The Bad CHOICE Act
I’m testifying before House Financial Services tomorrow regarding the “CHOICE Act,” the Republican Dodd-Frank alternative. My testimony is here. It’s lengthy, but it doesn’t even cover everything in the CHOICE Act–there are just too many bad provisions, starting with the idea of letting megabanks out of Dodd-Frank’s heightened prudential standards in exchange for more capital, then moving on to a total gutting of consumer financial protection, and ending with a very poorly conceived good bank/bad bank resolution system executed through a new bankruptcy subchapter. The only good thing about the Bad CHOICE Act is that it has little chance of becoming law any time soon.
Excerpt: “The CHOICE Act also has numerous provisions that make it difficult for the SEC to pursue enforcement actions and achieve meaningful relief. These provisions reduce the SEC’s deterrence ability and thereby embolden financial fraudsters whose malfeasance can reverberate throughout the financial system. Among other provisions, the CHOICE Act:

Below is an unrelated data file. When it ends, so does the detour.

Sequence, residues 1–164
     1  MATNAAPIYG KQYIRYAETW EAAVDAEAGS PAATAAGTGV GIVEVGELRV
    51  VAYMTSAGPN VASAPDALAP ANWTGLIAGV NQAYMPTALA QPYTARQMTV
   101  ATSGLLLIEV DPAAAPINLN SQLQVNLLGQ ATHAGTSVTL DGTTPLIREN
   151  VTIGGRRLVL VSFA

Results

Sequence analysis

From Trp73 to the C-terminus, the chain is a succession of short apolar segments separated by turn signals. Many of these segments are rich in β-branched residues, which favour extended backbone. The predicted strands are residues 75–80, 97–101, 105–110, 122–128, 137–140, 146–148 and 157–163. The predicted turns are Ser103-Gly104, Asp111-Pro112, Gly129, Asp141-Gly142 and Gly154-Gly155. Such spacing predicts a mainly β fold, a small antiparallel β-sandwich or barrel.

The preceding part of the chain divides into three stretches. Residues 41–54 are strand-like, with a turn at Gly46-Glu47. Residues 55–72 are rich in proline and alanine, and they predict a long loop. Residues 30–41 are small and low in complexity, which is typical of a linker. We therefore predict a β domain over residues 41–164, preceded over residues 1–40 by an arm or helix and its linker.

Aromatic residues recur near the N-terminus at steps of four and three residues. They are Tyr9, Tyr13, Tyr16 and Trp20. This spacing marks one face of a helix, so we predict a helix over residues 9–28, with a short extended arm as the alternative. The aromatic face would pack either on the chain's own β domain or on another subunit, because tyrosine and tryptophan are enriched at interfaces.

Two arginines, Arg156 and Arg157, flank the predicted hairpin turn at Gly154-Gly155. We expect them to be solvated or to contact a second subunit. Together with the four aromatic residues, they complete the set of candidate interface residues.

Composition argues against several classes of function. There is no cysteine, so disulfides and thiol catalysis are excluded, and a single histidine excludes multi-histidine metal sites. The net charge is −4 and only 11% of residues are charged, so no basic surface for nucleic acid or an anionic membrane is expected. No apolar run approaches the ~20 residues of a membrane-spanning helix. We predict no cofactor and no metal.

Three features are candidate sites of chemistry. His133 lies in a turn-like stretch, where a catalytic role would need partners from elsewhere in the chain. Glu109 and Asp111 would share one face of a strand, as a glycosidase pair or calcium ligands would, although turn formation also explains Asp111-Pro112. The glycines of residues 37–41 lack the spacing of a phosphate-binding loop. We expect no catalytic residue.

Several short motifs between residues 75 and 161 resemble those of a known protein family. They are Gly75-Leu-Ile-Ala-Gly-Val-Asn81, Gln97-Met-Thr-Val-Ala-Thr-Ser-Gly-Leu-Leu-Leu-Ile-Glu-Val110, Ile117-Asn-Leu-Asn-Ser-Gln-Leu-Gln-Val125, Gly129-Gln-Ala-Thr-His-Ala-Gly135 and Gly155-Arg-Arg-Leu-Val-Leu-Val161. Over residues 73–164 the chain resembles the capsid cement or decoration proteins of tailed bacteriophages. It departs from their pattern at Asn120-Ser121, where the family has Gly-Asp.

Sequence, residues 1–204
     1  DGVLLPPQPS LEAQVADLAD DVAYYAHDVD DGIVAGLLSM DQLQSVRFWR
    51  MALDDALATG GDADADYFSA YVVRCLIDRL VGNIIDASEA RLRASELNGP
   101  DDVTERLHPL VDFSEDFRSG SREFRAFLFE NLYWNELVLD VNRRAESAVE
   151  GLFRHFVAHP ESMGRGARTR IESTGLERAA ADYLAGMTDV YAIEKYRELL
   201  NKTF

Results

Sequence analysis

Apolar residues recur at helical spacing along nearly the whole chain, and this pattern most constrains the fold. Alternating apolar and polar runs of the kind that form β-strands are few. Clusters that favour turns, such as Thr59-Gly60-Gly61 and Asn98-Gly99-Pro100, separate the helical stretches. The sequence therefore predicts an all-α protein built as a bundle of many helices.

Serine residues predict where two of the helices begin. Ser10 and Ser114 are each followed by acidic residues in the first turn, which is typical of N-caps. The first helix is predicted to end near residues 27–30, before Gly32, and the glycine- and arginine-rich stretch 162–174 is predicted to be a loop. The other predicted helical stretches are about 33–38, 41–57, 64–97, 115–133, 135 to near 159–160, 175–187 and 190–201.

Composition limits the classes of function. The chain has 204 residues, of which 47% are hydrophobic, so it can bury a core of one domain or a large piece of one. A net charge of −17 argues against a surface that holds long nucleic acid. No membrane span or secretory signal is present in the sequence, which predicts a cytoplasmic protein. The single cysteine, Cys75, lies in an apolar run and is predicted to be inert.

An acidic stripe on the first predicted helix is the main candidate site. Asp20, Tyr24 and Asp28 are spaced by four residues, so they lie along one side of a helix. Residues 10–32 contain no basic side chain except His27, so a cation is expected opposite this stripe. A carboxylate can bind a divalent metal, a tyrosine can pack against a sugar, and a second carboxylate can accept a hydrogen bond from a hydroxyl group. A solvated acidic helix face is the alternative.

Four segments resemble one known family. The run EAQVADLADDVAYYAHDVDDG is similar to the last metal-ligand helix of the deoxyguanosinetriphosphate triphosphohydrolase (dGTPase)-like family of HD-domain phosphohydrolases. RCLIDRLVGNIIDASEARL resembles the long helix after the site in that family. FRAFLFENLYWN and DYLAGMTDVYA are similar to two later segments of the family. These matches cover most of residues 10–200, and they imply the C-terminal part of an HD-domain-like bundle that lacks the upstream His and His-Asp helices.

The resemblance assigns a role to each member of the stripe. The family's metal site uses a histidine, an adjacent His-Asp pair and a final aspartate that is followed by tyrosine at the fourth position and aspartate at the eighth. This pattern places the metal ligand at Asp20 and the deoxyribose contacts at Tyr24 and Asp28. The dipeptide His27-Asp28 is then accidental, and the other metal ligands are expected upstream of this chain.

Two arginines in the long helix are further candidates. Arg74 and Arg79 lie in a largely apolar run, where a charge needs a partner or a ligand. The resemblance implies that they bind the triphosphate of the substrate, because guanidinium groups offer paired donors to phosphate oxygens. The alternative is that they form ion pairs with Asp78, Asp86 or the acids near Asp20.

- requires the SEC to make additional findings before levying civil monetary penalties against issuers.24 Thus, while the CHOICE Act increases financial fraud penalties with the one hand,25 with the other it ensures that those penalties will rarely be imposed.
- repeals the SEC’s authority to issue officer and director bans.26 This means that even the worst fraudsters will continue to be able to participate in securities markets.
- eliminates automatic bad actor disqualification from securities law exemptions even for firms that have been convicted of felonies. Apparently a convicted felon cannot be trusted with the right to vote, but can be trusted with pension funds and retirees’ savings. [CHOICE Act § 419]”